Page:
Fire rating

Originally Posted By: mpearson
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This is a picture of an attic of a new construction townhome I did today. Does the roof sheathing need drywall attached to it, that I so often see. I am not sure of the terminology or if it is required here? Also there was a gap at the top but I could not see through. Does this need draft blocking?

Mike Pearson
Lighthouse Building Inspections[img] (Small).JPG[/img]

Originally Posted By: rcloyd
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The link to your pic is not working.

Russell G. Cloyd
Intra-Spec Home Inspections
& Code Consulting, LLC

Originally Posted By: psisler
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In any firewall installation there can be no draft. The fire blocking must be total for it to work the way it is intended. If there is an air gap/pocket there can be backdraft and this defeats the purpose of the wall itself.


Originally Posted By: rking
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As an FPO in training, I must tell you that what you refer to is a “fire separation” not a “fire rating”.

As with anything else in this business be careful of your terminology.

A "fire separation" is there to keep the 'compartmentalization' of a unit intact to keep a fire or smoke contained in a given area for a set amount of time (dependant upon occupancy). The "fire rating" is the amount of time that a certain type of construction and/or materials will stay intact under fire conditions to uphold the "fire separation"

Information is available on the NFPA website, and your local building/fire department can probably give you information as well.

Something a lot of people do not know is that in most jurisdictions the Fire Department will inspect for Fire Code related building components for free upon request.

In my experience though, most people don't do this because "Then I will have to repair the deficincies" !!

I guess it comes down to the old "It won't happen to me" syndrome!

Muskoka Home Inspections
"Wisdom is the Anticipation of the Consequences"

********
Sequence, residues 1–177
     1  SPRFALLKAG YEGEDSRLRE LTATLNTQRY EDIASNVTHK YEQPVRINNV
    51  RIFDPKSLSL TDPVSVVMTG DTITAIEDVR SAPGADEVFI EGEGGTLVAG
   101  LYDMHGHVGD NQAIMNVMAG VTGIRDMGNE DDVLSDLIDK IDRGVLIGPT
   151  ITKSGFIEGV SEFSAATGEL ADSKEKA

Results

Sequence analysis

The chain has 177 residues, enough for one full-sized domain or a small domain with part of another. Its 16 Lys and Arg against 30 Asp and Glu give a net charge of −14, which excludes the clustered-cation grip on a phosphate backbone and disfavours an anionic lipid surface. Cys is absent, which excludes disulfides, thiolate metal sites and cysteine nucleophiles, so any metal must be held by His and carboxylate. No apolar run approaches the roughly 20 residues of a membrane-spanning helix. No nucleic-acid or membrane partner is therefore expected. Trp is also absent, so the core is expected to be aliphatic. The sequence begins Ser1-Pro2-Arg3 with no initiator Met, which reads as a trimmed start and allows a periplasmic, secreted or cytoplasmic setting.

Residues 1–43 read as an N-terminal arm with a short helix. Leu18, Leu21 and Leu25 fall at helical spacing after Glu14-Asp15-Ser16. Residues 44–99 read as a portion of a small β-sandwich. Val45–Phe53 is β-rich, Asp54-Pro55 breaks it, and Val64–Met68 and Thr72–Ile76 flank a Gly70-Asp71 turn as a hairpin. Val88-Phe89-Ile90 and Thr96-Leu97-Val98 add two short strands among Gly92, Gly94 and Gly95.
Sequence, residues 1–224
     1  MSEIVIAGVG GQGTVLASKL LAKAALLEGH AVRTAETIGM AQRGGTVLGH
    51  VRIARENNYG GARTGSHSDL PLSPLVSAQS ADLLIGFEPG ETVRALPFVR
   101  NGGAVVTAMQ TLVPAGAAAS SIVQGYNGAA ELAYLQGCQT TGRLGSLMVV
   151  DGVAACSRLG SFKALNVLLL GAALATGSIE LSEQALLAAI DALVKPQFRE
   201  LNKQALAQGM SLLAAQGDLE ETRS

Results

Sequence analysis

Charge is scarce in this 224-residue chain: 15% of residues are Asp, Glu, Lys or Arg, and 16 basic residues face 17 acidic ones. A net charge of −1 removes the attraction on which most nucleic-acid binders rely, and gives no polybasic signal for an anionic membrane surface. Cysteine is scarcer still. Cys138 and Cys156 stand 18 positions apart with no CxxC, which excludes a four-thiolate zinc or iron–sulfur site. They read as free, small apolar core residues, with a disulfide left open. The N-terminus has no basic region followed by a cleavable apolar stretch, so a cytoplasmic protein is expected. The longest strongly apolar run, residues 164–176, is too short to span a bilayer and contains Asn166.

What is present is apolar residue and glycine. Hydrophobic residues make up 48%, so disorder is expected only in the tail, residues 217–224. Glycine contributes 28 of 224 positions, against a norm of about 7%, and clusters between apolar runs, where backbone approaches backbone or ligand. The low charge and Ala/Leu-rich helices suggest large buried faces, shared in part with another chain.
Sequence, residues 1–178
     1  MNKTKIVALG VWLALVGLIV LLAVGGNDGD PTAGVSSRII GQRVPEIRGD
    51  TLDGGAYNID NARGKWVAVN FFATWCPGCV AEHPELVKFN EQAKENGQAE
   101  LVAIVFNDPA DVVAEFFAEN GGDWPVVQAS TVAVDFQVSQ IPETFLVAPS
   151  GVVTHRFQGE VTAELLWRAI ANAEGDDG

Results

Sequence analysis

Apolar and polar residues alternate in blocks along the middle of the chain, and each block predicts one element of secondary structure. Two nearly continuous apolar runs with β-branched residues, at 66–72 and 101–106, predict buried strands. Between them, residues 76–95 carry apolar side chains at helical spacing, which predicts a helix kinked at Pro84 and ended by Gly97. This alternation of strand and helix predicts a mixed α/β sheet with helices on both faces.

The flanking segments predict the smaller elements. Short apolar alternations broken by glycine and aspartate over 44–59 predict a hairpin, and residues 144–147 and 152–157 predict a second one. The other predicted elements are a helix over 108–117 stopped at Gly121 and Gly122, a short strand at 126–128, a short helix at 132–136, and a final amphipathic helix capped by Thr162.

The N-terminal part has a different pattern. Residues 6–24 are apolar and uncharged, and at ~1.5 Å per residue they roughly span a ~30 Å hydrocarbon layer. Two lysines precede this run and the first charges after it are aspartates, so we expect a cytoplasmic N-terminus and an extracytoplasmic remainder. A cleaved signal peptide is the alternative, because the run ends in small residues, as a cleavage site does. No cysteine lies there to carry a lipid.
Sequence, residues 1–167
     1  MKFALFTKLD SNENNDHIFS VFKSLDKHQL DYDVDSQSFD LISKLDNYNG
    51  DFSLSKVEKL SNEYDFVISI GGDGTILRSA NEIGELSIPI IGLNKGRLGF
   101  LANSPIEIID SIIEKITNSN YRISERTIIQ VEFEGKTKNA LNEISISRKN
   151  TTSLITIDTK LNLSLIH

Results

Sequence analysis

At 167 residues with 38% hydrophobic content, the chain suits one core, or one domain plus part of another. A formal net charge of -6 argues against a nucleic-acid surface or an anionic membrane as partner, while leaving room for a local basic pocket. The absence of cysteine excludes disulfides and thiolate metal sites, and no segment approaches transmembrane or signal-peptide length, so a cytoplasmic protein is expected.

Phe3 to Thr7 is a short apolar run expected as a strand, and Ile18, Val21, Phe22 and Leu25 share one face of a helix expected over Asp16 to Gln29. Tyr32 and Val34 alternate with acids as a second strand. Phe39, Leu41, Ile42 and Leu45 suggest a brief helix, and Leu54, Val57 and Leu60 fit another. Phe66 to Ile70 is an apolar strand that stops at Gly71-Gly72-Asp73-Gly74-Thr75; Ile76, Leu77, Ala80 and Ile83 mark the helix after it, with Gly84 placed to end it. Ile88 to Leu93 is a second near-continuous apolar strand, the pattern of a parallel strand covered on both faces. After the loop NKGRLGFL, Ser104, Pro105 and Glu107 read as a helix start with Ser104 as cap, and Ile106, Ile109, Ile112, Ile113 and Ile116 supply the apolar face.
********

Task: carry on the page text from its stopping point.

Steering Committee Member At Large

Originally Posted By: Susan
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Hi Mike,

In my area, townhomes require a 2 hour separation between TH units. This is achieved by each unit having a 1 hour rating on each common wall. The drywall does go to the roof sheathing and if there is a gap, it must be sealed. This gap can be sealed with firecaulk (if reasonably small or packed mineral wool that is approved for this firewall).

Our area also requires what I (and the fire marshal in my jurisdiction) call break away clips. These are square type clips that are "L" shaped (when viewed from the side angle). These clips attach to metal channels and also to the adjacent stud. Kind of hard to describe but you may see them and wonder what they are. In common walls to another unit; they should be jogged in placement. These clips help hold the wall and contain fire should it occur.

Probably the most common problem I see in rough framing inspections where firewalls are present is the lack of proper sealing such as you saw with the gap. Also, the penetrations of the roof sheathing within the first 5 feet of another unit's roofline (such as a b vent) is prohibited here.

As mentioned in a previous post; check with the local building department or fire marshal. (Heck, if they're real nice; they may even show you what they look for in a real inspection!!) ![icon_smile.gif](upload://b6iczyK1ETUUqRUc4PAkX83GF2O.gif)

Take care,